Bloomberg Law
Jan. 25, 2022, 10:46 PM

New York Fights Back After Mask Mandate Shot Down by Judge (3)

Robert Burnson
Robert Burnson
Bloomberg News

New York is appealing a ruling by a Long Island judge that its mask mandate for schools and other public places is an illegal end run around the state constitution.

The mask-wearing rule was issued Dec. 10 by the state’s health commissioner at the urging of Governor Kathy Hochul, around the start of the omicron surge of the coronavirus pandemic. A group of parents sued to block the mandate, saying their school-age children shouldn’t be forced to wear masks.

On Monday, Judge Thomas Rademaker ruled that Hochul and Health Commissioner Mary Bassett overstepped their authority, saying the governor should instead seek the passage of a law.

“While the intentions of Commissioner Bassett and Governor Hochul appear to be well aimed squarely at doing what they believe is right to protect the citizens of New York, they must take their case to the state legislature,” Rademaker wrote.

New York filed a notice of appeal on Monday. On Tuesday New York State Supreme Court Justice Robert J. Miller temporarily halted Rademaker’s order until a Friday hearing in which the two sides will argue over a longer stay while the court considers the appeal.

‘Protect New Yorkers’

“My responsibility as Governor is to protect New Yorkers throughout this public health crisis, and these measures help prevent the spread of Covid-19 and save lives,” Hochul said in a statement Monday. “We strongly disagree with this ruling, and we are pursuing every option to reverse this immediately.”

The Centers for Disease Control and Prevention recommends universal indoor masking for all children ages 2 and up when they are in school. Additionally, the agency’s guidelines on masking back their use by staff and visitors, regardless of vaccination status. Since the spread of the omicron variant in the U.S., the agency has also begun to recommend that well-fitting, medical-grade masks are best at curbing the spread of the virus.

The parents who sued argued they should be permitted to make health care decisions for their children, saying the kids sometimes become lightheaded while wearing masks. The infection rate among children is low, making the mask rule unnecessary, they said.

Read More: New York Schools Grapple With Mask Mandates After Legal Ruling

Health regulations in the U.S. are generally handled at the state and local level, resulting in a patchwork of widely differing rules throughout the country.

In New York, Hochul and former governor Andrew Cuomo, both Democrats, have favored mask and vaccine mandates, prompting legal challenges from New Yorkers who want to decide the issues for themselves. Some states led by Republicans, such as Florida and Virginia, have blocked localities from instituting mask requirements, spurring litigation from mask supporters. In Virginia, a group of school districts claims the state’s new governor, Glenn Youngkin, exceeded his authority in ordering that masks are optional at schools.

State Politics

Rademaker’s decision, which is based on New York law, has no effect outside the state but could encourage critics of the rules to file challenges elsewhere. Courts across the country have been similarly divided over rules for vaccines.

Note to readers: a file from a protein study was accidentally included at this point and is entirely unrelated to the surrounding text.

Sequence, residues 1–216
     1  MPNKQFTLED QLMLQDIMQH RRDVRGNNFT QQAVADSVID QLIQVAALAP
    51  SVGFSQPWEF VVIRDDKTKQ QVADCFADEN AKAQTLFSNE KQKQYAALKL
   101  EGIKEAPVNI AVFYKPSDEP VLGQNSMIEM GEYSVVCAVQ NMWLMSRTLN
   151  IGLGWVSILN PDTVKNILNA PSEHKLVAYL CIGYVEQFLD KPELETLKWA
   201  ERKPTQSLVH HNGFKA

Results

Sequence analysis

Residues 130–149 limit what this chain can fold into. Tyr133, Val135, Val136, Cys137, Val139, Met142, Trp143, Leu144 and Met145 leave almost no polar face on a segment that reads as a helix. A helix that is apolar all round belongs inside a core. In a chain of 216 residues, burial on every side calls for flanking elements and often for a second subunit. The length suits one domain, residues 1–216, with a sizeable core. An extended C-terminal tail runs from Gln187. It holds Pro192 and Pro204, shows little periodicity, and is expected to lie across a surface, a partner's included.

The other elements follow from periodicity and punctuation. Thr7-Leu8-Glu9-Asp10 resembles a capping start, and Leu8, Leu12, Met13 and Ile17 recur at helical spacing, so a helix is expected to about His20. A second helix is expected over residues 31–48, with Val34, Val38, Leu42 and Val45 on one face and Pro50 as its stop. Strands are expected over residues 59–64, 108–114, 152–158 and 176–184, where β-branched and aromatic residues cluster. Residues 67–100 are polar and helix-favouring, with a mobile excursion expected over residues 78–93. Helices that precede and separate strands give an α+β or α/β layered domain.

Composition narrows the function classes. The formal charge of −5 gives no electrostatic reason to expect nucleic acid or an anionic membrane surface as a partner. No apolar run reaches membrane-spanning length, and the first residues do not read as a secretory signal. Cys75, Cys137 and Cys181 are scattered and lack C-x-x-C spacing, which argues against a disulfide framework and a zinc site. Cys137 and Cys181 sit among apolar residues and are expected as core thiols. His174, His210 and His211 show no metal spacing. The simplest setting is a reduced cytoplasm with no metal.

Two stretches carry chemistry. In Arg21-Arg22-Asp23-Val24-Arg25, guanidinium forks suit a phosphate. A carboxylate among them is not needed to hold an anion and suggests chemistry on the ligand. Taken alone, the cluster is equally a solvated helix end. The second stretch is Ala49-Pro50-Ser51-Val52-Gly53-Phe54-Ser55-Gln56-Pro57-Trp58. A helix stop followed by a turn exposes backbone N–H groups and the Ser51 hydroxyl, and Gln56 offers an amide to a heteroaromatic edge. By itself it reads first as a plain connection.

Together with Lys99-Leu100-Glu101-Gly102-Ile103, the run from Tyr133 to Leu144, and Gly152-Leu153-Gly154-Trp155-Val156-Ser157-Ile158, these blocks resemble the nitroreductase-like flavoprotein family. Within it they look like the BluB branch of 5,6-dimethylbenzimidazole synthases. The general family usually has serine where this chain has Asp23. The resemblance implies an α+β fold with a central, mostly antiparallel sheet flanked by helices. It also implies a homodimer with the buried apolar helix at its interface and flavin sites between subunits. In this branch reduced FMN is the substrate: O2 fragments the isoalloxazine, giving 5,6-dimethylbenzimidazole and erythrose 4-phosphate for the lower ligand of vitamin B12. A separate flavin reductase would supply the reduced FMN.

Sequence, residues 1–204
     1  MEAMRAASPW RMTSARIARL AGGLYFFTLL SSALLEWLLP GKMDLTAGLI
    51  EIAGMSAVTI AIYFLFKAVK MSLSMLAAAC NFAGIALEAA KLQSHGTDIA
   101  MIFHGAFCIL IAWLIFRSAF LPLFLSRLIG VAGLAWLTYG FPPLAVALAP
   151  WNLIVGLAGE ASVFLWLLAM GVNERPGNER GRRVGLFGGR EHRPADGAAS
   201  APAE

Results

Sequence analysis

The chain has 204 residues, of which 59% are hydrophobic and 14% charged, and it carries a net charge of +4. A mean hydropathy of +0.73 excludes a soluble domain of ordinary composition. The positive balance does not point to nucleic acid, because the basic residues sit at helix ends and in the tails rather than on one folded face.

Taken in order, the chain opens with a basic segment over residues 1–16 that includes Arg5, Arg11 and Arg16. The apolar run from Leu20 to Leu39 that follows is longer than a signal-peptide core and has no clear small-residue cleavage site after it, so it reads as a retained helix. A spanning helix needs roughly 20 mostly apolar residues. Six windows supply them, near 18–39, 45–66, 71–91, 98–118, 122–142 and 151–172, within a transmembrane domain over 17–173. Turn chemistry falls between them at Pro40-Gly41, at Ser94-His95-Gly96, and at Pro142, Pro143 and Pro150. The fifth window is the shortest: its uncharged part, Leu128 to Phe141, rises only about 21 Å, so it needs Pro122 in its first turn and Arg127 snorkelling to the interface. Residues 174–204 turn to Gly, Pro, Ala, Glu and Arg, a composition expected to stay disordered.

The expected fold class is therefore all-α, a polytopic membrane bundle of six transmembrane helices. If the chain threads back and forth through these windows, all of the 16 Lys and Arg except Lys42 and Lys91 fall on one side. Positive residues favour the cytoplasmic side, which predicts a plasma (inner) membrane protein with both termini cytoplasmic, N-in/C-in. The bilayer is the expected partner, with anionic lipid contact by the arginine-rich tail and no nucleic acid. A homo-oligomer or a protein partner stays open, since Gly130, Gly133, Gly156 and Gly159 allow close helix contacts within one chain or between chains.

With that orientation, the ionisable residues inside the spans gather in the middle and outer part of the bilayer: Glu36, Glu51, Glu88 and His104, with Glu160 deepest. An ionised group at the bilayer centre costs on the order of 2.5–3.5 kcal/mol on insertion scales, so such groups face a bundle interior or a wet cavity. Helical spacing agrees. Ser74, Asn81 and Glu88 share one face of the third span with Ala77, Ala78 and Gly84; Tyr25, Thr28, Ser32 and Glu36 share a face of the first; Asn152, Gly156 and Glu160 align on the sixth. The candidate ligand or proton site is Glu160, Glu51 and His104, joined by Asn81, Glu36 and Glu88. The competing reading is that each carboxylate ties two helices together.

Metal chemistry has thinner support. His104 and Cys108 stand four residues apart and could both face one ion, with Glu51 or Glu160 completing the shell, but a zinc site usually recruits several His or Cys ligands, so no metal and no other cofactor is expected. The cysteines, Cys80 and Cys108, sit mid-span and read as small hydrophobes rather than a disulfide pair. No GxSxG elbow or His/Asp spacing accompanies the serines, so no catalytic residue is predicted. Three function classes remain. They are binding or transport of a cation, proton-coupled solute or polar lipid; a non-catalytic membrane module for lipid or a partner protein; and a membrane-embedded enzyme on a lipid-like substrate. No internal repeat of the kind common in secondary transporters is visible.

The New York dispute reflects the state’s politics. Early in the pandemic, in March 2020, state lawmakers granted Cuomo extraordinary powers to enact sweeping new statutes to deal with the Covid-19 emergency without the approval of the state legislature. The legislature voted in March 2021 to rescind those powers.

Read More: N.Y. Feels Covid’s Grip Tighten Anew as Hospital Cases Surge 70%

By Tuesday, several New York school districts had said they’d dropped masking or made it optional, including schools in Bellmore-Merrick, Glen Cove, Massapequa and Farmingdale.

Others, including Lynbrook, Jericho and Hastings-on-Hudson, said they’re going to maintain the mask mandate, in some cases saying the state’s Education Department told them Rademaker’s ruling likely won’t go into effect until the appeals process is complete.

That question went to an appeals court judge Tuesday, when a lawyer for the state asked for a temporarily hold on Rademaker’s ruling and said that failing to provide one would “radically disrupt the status-quo masking requirements.” Judge Robert Miller said he would rule on the request by Wednesday.

New York City, the state’s largest school district, has a mandatory masking policy that has been in place since before the state adopted its requirement. In a television interview Tuesday, Mayor Eric Adams advised kids and workers to keep wearing masks.

Meanwhile local districts can institute their own mandates -- which are subject to further legal challenges.

The case is Demetriou v. New York State Department of Health, 616124/2021, New York State Supreme Court, Nassau County (Mineola).

(Adds stay of order in fifth paragraph.)

--With assistance from Laura Nahmias, Nic Querolo, Erik Larson and Chris Dolmetsch.

To contact the reporters on this story:
Bob Van Voris in federal court in Manhattan at;
Robert Burnson in San Francisco at

To contact the editors responsible for this story:
Katia Porzecanski at

Peter Jeffrey

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